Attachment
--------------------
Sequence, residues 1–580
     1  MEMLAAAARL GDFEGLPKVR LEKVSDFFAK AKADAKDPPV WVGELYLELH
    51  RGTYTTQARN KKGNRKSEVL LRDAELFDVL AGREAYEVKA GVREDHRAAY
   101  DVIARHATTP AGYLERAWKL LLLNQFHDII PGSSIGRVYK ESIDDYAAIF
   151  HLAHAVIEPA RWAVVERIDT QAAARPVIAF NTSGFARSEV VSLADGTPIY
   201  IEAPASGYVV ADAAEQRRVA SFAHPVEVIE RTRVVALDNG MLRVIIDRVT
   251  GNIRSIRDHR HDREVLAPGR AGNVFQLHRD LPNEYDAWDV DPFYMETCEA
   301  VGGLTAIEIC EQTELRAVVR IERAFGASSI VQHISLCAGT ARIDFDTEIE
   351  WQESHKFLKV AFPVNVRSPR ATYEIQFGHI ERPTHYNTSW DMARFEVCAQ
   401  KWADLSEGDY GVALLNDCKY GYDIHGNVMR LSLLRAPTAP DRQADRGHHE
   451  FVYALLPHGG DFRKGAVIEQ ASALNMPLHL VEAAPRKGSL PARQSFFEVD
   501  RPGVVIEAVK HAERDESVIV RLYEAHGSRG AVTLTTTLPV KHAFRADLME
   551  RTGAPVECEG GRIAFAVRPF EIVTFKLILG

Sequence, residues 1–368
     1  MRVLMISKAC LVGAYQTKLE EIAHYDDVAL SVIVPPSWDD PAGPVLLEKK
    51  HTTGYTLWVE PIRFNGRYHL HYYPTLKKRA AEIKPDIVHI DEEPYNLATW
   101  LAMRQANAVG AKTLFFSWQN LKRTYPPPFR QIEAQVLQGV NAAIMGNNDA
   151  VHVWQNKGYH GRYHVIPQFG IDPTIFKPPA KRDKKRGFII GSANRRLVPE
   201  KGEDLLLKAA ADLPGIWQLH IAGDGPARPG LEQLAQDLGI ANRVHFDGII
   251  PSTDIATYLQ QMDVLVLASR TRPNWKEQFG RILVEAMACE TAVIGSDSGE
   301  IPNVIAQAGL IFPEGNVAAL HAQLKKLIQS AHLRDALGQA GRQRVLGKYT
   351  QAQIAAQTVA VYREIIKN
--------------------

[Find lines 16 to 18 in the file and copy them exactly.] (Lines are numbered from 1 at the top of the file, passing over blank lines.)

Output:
    51  HTTGYTLWVE PIRFNGRYHL HYYPTLKKRA AEIKPDIVHI DEEPYNLATW
   101  LAMRQANAVG AKTLFFSWQN LKRTYPPPFR QIEAQVLQGV NAAIMGNNDA
   151  VHVWQNKGYH GRYHVIPQFG IDPTIFKPPA KRDKKRGFII GSANRRLVPE